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Ghost Walking Through Glass Door


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#1 Tim Unger

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Posted 25 March 2008 - 02:47 PM

I am thinking of doing a sequence in which the subject appears to walk through a glass door without stopping. In addition, I would want to lower the opacity of the subject's layer to apply a "ghost effect."

For the most part, I've decided on using a static angle, as a moving camera would make the editing much more difficult.

Right now, this is what I've come up with in terms of a shot list:

1) Empty frame, without a subject (door closed)
2) Subject walking through (door open)

I was thinking of masking out the closed door in shot 1 and placing it in the second shot, but I don't think that will accomplish what I want. I'm not sure how to make the transition from one side of the glass door to the other in order to make it look convincing.

Any suggestions on how to achieve this effect would be greatly appreciated.
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#2 Jim Keller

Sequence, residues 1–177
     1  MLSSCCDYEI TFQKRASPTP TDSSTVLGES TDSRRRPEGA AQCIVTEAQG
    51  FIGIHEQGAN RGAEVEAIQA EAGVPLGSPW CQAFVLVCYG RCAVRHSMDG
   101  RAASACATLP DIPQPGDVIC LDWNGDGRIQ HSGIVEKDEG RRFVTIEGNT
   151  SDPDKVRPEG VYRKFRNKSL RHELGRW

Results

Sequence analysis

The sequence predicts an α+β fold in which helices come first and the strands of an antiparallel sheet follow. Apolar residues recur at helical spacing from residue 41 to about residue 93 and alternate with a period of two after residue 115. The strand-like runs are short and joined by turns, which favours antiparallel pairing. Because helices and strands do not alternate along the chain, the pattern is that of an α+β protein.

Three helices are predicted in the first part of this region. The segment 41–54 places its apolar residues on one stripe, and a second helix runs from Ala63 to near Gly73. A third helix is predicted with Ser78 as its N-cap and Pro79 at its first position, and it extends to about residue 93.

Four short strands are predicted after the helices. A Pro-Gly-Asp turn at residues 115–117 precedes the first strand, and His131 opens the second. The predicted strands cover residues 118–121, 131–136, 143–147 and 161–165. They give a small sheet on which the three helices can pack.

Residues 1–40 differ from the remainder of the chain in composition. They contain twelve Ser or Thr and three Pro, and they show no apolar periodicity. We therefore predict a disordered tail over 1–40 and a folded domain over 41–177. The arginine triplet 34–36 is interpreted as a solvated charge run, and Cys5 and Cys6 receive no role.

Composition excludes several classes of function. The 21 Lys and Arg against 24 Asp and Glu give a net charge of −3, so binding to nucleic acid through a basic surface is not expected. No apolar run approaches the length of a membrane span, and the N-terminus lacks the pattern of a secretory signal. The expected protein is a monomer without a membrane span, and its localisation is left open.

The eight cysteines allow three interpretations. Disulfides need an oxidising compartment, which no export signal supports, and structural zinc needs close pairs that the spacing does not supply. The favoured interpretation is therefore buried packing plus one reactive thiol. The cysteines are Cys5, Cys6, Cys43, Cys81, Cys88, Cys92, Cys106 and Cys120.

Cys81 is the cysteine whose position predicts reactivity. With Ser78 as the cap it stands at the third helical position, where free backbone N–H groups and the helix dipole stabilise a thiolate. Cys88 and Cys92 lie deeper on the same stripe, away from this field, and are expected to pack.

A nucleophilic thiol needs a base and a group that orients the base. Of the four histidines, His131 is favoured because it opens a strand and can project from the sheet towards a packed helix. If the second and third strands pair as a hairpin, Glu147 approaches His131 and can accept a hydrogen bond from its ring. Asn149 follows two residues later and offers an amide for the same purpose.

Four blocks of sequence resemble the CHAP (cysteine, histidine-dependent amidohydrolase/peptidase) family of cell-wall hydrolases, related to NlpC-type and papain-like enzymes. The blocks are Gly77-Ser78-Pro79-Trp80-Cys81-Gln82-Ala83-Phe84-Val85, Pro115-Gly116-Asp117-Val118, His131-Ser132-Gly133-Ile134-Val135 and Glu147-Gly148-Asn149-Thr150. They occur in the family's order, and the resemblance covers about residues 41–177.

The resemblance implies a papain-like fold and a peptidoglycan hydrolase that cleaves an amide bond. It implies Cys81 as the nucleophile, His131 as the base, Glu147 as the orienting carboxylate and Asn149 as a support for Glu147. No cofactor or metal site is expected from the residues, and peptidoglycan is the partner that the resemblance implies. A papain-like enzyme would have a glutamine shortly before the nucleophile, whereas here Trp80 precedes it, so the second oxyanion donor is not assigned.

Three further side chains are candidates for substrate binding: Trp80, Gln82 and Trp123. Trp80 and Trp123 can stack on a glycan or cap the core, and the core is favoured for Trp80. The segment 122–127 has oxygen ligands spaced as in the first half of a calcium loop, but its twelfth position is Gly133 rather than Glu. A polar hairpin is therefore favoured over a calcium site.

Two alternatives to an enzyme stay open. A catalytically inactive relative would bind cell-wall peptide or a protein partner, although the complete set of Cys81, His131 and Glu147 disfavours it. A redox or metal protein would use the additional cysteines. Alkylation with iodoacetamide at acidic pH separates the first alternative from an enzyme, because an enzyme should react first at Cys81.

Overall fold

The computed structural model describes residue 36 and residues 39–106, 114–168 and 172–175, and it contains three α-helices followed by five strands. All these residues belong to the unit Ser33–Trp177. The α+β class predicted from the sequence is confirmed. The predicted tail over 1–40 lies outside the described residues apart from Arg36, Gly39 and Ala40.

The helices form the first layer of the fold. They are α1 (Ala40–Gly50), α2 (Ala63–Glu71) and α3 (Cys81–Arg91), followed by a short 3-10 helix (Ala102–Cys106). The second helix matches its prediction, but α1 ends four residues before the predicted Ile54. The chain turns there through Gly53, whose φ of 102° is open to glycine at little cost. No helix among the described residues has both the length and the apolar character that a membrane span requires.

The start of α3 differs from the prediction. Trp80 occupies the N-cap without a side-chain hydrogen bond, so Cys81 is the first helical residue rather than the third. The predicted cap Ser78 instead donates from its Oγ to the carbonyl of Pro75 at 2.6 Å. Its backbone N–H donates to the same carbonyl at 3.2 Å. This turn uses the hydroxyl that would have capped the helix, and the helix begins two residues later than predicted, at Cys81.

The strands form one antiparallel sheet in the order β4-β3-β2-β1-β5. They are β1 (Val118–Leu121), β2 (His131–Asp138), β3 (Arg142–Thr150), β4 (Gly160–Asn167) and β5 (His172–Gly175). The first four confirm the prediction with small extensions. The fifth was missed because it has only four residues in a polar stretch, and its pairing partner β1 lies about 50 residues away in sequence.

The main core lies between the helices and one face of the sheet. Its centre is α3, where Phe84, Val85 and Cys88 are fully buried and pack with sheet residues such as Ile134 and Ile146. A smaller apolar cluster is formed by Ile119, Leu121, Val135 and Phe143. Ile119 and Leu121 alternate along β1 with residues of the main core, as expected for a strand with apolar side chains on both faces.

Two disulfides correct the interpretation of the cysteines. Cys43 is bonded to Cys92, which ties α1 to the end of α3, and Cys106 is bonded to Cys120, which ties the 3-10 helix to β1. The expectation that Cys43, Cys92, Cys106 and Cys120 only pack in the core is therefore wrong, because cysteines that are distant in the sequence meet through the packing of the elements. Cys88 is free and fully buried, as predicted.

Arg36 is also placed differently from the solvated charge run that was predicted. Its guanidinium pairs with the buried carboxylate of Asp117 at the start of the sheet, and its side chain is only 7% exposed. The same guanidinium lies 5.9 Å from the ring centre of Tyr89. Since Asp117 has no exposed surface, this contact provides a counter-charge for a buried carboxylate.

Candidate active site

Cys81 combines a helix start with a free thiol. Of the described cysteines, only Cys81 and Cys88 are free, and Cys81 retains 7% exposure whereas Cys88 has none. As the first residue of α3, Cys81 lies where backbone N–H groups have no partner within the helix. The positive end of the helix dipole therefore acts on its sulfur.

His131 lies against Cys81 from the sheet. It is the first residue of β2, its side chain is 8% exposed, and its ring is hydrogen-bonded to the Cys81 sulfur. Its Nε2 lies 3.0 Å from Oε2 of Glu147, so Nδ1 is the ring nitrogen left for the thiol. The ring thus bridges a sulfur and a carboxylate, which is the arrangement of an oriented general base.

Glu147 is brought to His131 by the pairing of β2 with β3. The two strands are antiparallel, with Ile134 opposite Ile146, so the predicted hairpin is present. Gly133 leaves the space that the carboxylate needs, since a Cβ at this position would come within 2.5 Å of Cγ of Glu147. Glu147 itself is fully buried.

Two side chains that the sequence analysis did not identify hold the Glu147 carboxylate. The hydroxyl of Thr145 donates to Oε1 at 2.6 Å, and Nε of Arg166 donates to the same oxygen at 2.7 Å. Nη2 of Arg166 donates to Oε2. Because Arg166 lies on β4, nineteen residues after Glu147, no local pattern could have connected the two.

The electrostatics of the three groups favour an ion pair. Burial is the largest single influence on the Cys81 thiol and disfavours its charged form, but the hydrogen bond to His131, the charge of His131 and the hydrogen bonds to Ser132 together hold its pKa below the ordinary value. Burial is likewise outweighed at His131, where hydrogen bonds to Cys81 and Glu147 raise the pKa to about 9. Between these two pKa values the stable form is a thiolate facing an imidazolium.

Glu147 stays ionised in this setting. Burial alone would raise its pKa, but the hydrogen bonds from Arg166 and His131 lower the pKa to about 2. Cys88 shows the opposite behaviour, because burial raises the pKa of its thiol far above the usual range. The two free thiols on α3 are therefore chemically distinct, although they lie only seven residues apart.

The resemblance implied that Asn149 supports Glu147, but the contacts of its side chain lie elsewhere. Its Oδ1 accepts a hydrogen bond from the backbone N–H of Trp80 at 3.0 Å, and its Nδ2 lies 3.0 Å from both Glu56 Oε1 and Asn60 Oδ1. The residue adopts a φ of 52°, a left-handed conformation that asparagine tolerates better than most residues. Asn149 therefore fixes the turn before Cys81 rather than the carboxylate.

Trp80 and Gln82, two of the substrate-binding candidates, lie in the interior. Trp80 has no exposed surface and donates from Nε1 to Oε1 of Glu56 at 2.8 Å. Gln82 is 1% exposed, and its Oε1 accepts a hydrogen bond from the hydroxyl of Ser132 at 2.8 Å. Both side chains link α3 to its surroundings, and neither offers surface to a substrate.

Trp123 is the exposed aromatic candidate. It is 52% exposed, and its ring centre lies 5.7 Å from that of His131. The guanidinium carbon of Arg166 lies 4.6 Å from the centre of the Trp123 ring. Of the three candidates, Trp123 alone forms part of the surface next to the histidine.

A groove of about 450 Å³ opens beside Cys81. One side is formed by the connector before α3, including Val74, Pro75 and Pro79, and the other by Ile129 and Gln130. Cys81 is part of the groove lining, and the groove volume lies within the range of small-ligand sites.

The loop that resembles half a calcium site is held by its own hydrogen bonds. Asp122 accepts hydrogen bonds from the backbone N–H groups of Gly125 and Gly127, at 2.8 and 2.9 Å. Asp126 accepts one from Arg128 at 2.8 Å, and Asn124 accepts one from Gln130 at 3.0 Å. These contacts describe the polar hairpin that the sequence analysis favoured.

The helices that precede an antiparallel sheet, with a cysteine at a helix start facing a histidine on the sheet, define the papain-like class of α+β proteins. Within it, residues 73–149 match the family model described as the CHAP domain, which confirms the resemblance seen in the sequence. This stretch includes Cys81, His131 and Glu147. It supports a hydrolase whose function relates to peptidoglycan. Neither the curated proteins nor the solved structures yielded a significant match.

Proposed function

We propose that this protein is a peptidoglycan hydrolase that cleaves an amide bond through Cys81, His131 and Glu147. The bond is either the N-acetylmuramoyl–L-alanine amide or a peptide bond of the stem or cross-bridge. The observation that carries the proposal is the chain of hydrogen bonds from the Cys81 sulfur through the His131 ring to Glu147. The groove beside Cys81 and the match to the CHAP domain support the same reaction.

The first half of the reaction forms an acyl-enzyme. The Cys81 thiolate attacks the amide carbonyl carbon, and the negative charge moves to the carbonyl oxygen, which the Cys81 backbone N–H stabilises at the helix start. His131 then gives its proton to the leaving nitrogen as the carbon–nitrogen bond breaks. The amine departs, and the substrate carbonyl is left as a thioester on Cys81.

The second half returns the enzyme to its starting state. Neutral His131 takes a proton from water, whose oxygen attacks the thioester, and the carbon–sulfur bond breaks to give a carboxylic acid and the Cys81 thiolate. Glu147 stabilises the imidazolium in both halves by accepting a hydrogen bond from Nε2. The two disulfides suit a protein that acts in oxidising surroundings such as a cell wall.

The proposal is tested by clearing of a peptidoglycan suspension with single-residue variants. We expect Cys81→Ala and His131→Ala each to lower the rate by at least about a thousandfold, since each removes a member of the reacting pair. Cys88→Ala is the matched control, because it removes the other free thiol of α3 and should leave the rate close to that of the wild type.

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Posted 25 March 2008 - 08:18 PM

How were you planning to composite the shot? Different software would result in a different workflow, and hence dictate a different way of shooting it.

Also, it may be easier than you think to do the effect physically, without compositing, if you're planning to work on a set you'll be building rather than on location. I've seen the effect done (on stage) by sliding glass in and out of the way (setting the lights so they catch glare as another person opens it, but there's effectively no glare when the door is closed -- the glass can then be slid out of the door, the "ghost" passing through it, without the audience seeing it) and by mounting lights in a doorframe to pick up some scatter off of atmosphere pumped down through the top of the door, though I'm honestly not sure how well those would translate to an on-camera application.
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#3 Jim Keller

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Posted 25 March 2008 - 08:25 PM

Oh, I should go ahead and add that I tend to use After Effects for my work, and there I would simply create three layers. Layer #1 and Layer #3 are identical -- the actor without the door, and Layer #2 is the door in between. You would then need to do a mask (either simple or complex depending on your angle) on both Layer #1 and Layer #3 to transition between them as the actor passes the plane of the door (e.g., a mask which starts surrounding the portion of the actor that is leading, and then expanding and changing shape as other parts pass through the door). If you have a higher-end compositing packing, this is probably easier, but I don't have that kind of budget to play with. :)
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#4 Tim Unger